For all those people obsessing about the U.S. finishing fourth in the 2016 Olympics sweepstakes, here's a number that ought to be a little more troubling.
We rank last among 19 comparable industrial countries in preventable deaths.
The data which has been around a few weeks was reported again this morning in the Washington Post.
Here's the ugly breakdown:
HOW THE US STACKS UP ON PREVENTABLE DEATHS
- France -- 65
- Japan -- 71
- Australia -- 71
- Spain -- 74
- Italy -- 74
- Canada -- 77
- Norway -- 80
- Netherlands -- 82
- Sweden -- 82
- Greece --84
- Austria -- 84
- Germany -- 90
- Finland -- 93
- New Zealand -- 96
- Denmark -- 101
- UK -- 103
- Ireland --103
- Portugal --104
- US -- 110
The U.S. ranks at the bottom of 19 industrialized nations in the number of preventable deaths by conditions such as diabetes, epilepsy, stroke, influenza, ulcers, pneumonia, infant mortality and appendicitis. The number at the right represents the number of preventable deaths per 100,000 population in each country in 2002-2003.
It would be hard to put a very happy face on this data, or similar reports over the past decade.
Among the best known is the World Health Organization standings released earlier this decade that placed the U.S. 37th in overall rankings.
But did you also know that we stand a mere 54th in healthcare "fairness" according to the WHO, barely edging out the impoverished African nations of Chad and Rwanda, but still behind Bangladesh?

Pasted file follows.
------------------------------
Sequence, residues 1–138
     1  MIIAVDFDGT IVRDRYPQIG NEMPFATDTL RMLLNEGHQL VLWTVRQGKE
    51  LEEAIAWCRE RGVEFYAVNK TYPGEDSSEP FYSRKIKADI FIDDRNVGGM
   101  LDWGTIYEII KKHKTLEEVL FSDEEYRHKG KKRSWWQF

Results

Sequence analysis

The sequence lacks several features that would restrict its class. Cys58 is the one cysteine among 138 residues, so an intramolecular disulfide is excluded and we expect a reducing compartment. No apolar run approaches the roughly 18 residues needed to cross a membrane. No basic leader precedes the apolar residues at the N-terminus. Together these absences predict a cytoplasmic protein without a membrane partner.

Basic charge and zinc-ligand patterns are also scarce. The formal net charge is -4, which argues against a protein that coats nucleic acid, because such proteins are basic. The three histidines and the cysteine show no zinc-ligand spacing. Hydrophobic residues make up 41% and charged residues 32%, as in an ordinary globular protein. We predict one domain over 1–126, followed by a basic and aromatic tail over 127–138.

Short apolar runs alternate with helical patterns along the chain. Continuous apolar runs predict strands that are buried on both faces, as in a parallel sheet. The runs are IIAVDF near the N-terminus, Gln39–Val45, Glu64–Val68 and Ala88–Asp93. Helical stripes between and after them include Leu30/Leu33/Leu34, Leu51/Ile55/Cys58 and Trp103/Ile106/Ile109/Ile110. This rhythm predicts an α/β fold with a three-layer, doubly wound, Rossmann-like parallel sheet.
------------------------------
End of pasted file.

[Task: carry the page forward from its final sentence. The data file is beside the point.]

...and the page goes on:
Those numbers, of course, infuriate rightwing policy wonks such as Michael Tanner of the Cato Institute who raged in testimony to the Senate Aging Committee September 30 that the 54th ranking should be thrown out for daring to take into consideration such factors as out-of-pocket costs (perhaps he is unaware of the more than half of Americans skipping needed medical care because of those costs).
Most comparisons don't place us astride Rwanda or Bangladesh, but nations that approximate our wealth and industrial status. You can even create your own tables on the World Health Organization website.
On the WHO site, for example, you might compare the U.S. to those same other 18 countries that beat us in preventable deaths in a broad array of stats. On some the U.S. is average or better. On others, not so good. On both life expectancy and infant mortality, the U.S. comes in last among the 19.
Contrary to the insistence of Sen. John Ensign that it can all be blamed on car and gun deaths (as if we should get bonus points for that), there are plenty of disturbing health numbers in the data. According to the WHO, for example, among those same 19 countries, the U.S. ranked 17th in years of life lost to communicable diseases, something to think about with the escalating H1N1 pandemic.
Opponents of health reform typically like to focus on Canada. Perhaps they missed recent findings by the Organization for Economic Cooperation and Development, which measures 30 industrial countries. Fox may have ignored the report, but it was picked up by Bloomberg news in mid-September.
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